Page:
Arjun Gupta was also dismissible this week. He rarely interacted with the other main actors, and Penny’s time spent with the residents of the Neitherlands was mostly done from a position of weakness, meaning that Gupta didn’t have much opportunity to do anything but be on the defensive this week. Charitably, I can say that the Penny thread this week was inoffensive at worst. I liked the way the Neitherlands was presented, and I liked Mageina Tovah’s omniscient librarian. But Penny was acting as the “bewildered everyman” on the audience’s behalf, and it’s clear that the writers were just using as an audience surrogate to explain plot details dumped in from the book.

If Penny’s narrative thread was insubstantial, Eliot and Margo’s thread didn’t even reach that storied height. There was no action, no threat, no climax, and no resolution. It just seemed like Summer Bishil and Hale Appleman were contractually obligated to appear X times this season, and the writers had to shove them in somewhere. We can only presume to guess where Margo’s ex came from, since there was no clarification of who this stranger is when he suddenly appears in the episode. And despite the fact that he’s creepy and desperate enough to build a sex-slave doppelganger of a woman who wants nothing to do with him by stealing her life-force, he just kind of rolls over and lets Margo take the golem.

Yes, Eliot’s chastised for letting his vices override his better judgment, but it’s merely a tiff between best friends, not a real “come to Jesus” moment. Their story just peters out with a fizz. What’s really surprising is how little I enjoyed what Hale Appleman was given this week. Summer Bishil plays a charming alpha bitch, but for someone who’s supposed to be critically strung out on drugs and alcohol, subconsciously screaming for help, Eliot is just playing a clichéd “goofy” addict. Both Eliot’s situation and Margo’s disapproval make it clear that this is a serious situation, but the dialogue plays it for laughs (See 7:05 for a cringeworthy example of what I mean). Hale Appleman manages to pull it back from oblivion with his well-acted monologue near the end, but it’s a case of too little, too late.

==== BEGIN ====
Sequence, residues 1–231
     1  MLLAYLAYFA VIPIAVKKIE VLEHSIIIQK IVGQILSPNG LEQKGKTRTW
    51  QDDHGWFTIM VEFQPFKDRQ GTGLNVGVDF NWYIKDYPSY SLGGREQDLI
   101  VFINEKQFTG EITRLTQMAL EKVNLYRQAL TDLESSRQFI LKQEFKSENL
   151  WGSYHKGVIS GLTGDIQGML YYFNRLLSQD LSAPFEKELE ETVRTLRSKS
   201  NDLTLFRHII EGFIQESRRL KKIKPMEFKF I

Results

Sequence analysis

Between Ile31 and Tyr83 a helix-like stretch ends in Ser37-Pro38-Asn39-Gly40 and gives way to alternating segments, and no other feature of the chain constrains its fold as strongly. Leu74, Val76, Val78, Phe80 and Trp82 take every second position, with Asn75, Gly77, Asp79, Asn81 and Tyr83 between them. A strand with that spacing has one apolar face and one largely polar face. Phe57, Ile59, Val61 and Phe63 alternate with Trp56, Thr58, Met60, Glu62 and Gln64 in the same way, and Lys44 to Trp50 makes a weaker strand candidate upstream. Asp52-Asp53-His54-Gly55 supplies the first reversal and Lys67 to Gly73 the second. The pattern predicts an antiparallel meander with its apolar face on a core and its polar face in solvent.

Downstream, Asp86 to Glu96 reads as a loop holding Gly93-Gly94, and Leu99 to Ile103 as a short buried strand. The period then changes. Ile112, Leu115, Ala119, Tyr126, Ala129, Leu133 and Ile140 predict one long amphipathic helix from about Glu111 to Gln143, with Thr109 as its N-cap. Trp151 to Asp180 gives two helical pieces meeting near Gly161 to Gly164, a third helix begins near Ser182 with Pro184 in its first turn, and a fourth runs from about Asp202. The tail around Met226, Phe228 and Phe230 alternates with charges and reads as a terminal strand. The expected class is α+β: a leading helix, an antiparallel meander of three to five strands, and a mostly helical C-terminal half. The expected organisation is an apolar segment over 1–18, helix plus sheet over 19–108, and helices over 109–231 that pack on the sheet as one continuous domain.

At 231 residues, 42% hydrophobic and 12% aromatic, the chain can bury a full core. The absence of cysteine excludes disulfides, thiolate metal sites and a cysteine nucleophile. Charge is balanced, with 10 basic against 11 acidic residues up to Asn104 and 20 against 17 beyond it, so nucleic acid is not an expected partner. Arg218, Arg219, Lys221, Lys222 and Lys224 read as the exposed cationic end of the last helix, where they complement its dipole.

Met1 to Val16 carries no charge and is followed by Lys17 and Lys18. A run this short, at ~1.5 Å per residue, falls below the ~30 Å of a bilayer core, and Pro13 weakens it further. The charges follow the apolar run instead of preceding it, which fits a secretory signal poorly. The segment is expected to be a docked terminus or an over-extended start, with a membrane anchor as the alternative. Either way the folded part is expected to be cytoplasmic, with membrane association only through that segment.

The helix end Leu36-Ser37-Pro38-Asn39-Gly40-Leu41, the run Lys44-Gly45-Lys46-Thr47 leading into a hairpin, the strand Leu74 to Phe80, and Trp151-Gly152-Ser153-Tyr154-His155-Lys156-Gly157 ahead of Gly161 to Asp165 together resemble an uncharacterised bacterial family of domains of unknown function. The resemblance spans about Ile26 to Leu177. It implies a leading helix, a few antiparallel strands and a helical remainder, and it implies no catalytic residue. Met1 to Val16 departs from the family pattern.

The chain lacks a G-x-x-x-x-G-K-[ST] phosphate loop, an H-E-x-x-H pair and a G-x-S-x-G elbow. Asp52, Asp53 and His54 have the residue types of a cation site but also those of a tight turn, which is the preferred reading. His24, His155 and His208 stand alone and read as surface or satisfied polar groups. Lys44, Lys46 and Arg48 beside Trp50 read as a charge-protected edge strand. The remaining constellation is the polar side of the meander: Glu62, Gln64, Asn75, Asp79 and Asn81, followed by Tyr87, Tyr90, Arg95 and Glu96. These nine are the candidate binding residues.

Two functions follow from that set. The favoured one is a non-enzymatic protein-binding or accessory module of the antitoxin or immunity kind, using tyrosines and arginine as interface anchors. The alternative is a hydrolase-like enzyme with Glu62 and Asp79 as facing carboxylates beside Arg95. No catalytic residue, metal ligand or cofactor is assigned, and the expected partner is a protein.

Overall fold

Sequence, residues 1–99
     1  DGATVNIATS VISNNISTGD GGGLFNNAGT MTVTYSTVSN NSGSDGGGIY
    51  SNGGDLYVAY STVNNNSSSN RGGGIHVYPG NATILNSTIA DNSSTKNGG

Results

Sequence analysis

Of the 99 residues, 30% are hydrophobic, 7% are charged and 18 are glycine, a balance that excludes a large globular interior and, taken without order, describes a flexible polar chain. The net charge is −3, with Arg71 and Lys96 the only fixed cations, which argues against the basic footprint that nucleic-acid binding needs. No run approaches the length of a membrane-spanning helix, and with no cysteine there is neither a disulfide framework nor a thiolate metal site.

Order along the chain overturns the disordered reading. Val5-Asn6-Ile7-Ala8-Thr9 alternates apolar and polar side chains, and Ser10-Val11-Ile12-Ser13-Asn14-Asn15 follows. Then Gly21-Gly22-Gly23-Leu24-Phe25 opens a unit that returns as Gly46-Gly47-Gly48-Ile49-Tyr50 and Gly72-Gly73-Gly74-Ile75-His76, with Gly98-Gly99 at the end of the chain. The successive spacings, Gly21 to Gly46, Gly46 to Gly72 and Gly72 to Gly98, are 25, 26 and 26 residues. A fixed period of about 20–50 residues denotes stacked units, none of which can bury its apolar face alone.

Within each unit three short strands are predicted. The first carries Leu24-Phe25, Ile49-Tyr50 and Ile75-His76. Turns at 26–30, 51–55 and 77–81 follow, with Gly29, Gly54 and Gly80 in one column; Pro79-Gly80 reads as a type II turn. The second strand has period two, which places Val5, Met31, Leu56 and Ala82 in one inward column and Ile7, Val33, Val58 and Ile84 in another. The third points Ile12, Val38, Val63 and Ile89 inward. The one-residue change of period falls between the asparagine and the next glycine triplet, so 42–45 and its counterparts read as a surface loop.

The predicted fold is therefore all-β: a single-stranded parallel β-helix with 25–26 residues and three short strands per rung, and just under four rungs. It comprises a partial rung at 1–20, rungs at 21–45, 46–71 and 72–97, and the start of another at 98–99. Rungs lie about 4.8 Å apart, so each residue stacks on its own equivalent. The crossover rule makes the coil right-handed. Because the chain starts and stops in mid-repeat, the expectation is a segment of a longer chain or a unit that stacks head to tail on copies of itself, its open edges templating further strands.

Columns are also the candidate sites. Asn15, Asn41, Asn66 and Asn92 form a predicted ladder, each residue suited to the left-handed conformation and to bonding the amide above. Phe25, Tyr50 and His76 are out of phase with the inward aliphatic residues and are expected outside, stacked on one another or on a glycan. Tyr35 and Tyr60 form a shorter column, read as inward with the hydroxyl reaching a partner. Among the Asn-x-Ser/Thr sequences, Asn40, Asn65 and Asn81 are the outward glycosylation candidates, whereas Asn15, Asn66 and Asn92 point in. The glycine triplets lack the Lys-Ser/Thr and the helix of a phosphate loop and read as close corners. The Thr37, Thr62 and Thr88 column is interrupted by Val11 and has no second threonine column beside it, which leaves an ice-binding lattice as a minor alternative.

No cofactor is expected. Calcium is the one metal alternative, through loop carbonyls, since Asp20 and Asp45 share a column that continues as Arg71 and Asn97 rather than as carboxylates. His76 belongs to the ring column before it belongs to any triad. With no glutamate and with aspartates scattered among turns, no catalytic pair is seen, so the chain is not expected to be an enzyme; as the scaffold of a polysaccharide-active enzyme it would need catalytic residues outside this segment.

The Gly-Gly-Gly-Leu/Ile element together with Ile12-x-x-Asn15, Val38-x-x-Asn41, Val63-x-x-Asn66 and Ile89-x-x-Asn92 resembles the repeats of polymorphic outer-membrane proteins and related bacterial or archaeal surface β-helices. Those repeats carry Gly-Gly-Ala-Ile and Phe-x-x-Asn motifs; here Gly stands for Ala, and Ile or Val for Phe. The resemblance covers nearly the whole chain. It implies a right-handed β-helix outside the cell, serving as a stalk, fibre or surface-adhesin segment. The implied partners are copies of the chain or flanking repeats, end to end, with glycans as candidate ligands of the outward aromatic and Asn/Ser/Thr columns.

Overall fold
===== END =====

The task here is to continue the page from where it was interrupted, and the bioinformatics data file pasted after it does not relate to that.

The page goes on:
I think the story this week that had the most “meat” was Julia and Kady’s, which is kind of pathetic, given how flimsy it ended up being. I enjoyed the scene where the Free Trader Beowulf members showed up at Julia’s house. I believed the acting between Stella Maeve and Jade Tailor; they performed it as though Julia and Kady weren’t besties, but willing to meet each other halfway. That struck me as utterly appropriate, considering the history between the two characters.

While the Julia and Kady story was a charming vignette, it suffered from being a holding pattern. Yet again, it felt as though a great deal of plot was dumped in the laps of the audience, and we were told, “This has to be known for future episodes!” Nothing about Julia and Kady;s story was relevant in “Homecoming”. Maybe the information given to us will be interesting in a future episode, but it did absolutely nothing for the episode I just watched.

Because “Homecoming” was basically four episodes cut up and glued together, I did something a little different while giving it a numerical score. Instead of considering the episode as a whole, I graded each narrative thread and then averaged the whole thing out: Alice and Quentin’s was a 4, Penny’s was a 6 (simply because I was intrigued by the presentation of the Neitherlands), Eliot and Margo’s was a 5, and Julia and Kady’s was a 6.

Altogether, “Homecoming” was a 5. I guess it’s appropriate that they named the episode after a school function, if only because “Homecoming” felt more like a study guide for an exam than a TV episode.

RATING 5 / 10